A Song For Peace
The Sudanese Music and Dance Festival, directed by Yousif El Moseley, at Central Park Summerstage was on point. I'm convinced that Summerstage is one of the few venues in the world within which East and West can truly co-exist. It was wonderful to see so many young and old, urban chic and traditional folks gathered for the concert featuring a dozen or so of Sudan's most beloved musicians. My favorite was the drummer who wore a T-shirt that read: Barack Obama is my Homeboy.
The Nile Music Orchestra
Many of the performers are now expatriates, partly because sharia law has severely restricted music in Sudan. The exuberance with which they sang and danced was a testament to the creativity and joy that has been repressed over the years.
My favorite performers had to be Al Balabil, or The Nightingales -- two dynamic, spirited, and powerful sisters beating their tars and singing at the top of their lungs. Halfway through their set, they got so in to the music that their veils came off. It was beautiful to see Muslim women dancing onstage with their heads uncovered as they cannot do back home! It had me puffing out my chest and stamping my feet.
I'm certainly not up on my Sudanese music, but I definitely wanted to hear more of Atif Anees, Ahmed Bass, and the legendary Omar Ihsas from Darfur.
Speaking of which. The concert was about way more than music and dance with banners throughout the audience proclaiming "Down with El Basher Government" and "We will never forget our martyrs in Darfur, Kajbar and Port Sudan."
It reminded me of a talk I attended at the Schomburg Center, hosted by Women In Islam, featuring UN officials and representatives from the Save Darfur Coalition speaking about Sudanese officials being sent to international criminal court.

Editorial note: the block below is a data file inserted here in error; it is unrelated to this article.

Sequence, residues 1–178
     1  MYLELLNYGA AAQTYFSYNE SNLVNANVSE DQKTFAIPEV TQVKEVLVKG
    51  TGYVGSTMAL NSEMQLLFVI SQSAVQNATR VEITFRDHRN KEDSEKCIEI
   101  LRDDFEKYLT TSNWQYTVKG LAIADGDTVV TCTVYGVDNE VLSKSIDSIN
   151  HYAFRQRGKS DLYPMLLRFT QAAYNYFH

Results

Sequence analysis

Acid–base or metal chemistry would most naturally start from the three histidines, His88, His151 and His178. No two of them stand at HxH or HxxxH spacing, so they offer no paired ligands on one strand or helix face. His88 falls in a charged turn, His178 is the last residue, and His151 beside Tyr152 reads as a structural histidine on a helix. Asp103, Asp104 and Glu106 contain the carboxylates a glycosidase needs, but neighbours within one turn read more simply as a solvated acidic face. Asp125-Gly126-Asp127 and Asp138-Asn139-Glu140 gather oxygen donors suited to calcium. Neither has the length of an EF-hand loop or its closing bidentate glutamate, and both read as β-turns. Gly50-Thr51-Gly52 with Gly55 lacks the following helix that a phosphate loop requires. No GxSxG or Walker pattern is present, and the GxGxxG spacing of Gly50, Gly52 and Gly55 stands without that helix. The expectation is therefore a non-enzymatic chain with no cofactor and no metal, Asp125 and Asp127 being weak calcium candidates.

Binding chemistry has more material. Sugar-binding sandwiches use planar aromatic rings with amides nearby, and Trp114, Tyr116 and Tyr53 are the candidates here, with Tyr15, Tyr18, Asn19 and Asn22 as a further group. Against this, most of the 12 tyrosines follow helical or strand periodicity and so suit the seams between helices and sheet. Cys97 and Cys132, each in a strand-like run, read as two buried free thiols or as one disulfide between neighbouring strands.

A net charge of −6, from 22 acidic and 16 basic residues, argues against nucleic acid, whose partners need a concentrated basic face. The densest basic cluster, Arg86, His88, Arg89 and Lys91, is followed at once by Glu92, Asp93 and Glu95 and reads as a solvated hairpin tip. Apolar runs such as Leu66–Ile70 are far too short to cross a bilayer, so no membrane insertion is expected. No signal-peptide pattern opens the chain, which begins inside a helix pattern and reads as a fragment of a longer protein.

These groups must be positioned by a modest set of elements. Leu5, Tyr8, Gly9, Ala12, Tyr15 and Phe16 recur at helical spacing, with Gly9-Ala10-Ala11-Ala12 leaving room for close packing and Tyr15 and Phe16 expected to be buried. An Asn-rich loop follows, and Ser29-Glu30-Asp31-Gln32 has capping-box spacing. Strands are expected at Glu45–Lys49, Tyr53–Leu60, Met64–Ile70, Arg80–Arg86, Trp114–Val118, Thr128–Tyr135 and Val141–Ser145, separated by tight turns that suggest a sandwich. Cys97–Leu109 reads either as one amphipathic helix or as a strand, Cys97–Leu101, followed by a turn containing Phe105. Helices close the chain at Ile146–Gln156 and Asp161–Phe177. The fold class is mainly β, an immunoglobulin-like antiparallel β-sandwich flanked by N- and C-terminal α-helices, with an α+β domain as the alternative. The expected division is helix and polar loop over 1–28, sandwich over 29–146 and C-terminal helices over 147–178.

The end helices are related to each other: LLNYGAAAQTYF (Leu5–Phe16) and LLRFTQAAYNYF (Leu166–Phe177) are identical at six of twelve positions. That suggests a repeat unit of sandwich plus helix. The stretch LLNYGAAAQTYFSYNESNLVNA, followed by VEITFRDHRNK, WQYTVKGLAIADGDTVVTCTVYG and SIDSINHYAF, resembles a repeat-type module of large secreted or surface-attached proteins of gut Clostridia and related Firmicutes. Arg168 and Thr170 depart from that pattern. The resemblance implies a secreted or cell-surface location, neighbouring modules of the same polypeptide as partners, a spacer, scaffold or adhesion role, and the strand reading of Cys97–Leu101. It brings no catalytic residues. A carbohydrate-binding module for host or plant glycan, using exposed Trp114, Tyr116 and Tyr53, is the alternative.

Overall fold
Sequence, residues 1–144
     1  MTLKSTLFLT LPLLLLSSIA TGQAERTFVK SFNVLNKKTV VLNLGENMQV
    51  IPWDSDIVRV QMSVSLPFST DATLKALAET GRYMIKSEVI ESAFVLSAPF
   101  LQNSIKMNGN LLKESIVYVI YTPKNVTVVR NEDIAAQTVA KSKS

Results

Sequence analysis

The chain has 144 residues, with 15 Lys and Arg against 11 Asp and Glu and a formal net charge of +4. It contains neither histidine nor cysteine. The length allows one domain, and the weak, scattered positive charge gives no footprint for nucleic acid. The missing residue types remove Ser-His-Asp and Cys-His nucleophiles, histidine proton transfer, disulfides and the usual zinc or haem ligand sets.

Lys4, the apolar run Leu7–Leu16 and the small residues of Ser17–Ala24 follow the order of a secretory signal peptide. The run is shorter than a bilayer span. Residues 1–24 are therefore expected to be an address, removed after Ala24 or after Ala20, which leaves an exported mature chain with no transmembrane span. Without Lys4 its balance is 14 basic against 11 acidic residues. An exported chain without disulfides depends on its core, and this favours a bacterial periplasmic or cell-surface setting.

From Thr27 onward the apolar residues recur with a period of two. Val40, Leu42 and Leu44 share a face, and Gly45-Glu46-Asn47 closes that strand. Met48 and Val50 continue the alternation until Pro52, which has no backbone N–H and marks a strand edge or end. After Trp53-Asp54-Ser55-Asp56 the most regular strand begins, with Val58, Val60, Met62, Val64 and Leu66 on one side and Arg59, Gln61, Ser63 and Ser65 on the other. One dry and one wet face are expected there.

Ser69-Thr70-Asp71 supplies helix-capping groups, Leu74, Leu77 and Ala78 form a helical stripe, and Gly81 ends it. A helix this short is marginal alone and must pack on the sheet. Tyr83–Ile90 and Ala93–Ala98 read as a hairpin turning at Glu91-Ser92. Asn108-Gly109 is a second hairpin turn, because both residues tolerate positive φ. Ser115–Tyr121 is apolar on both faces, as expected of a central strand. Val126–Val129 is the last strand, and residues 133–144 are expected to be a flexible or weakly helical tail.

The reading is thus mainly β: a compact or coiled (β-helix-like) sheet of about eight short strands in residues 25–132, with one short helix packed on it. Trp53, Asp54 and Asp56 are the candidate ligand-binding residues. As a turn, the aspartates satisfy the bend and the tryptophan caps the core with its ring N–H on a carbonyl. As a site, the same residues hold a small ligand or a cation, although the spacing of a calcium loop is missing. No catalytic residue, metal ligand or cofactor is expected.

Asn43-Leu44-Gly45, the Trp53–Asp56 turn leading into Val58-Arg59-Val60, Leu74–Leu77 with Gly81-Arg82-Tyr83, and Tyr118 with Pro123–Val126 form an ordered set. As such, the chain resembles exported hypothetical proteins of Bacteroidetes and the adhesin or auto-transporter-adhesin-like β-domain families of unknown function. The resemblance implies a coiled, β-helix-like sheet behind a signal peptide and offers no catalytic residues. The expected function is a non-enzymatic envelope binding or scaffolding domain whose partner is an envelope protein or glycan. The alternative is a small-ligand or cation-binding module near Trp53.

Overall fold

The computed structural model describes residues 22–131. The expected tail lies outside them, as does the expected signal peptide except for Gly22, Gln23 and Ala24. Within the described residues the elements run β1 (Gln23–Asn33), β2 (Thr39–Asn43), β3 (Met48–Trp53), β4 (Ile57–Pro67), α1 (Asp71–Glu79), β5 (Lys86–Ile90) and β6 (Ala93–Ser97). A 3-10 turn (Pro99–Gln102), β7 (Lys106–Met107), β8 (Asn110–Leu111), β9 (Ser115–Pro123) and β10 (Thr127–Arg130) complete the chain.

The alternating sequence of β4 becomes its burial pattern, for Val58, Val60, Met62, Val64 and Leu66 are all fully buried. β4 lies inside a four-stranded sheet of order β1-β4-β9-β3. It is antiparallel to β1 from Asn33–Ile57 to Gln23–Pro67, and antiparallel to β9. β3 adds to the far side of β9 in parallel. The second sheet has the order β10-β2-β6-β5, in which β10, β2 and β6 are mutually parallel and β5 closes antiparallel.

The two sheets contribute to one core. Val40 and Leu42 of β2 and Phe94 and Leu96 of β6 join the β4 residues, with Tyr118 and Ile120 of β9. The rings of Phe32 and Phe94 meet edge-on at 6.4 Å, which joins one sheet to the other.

At the time, in January, already 500,000 Darfuris had been killed, with 3 million displaced and 300,000 having crossed into Eastern Chad. Abdelbagy Abushanab, President of the Newark-based Darfur Rehabilitation Project, said that 7 of the 11 UN Security Resolutions on Darfur had not seen the light. A UN official added that the real issue is preventing human rights violations in civil war, noting that the Biafran Civil War claimed the lives of one million Nigerian civilians back in the day.
I am not sure how possible or probable it is to prevent violations in furtherance of an act that is, by its very definition, inhumane. I believe that war equals death. And destruction. And rape. It robs us all of our humanity, no matter if we participate directly in the fighting or not; I think it's irrational to believe otherwise.
In the words of Omar Ihsas, "We are all here for our homeland. For peace. Let's live together."
The AFRican Blogger
Photo credit: Elshafei Dafalla (Omar Bannaga and Hadi Ahmed)
Photo credit: Banning Eyre (Omar Bannaga & Dancers, The Nile Music Orchestra, Omar Ihsas)
Photo credit: Nicholas Roberts for The New York Times (Al Balabil & Singers)
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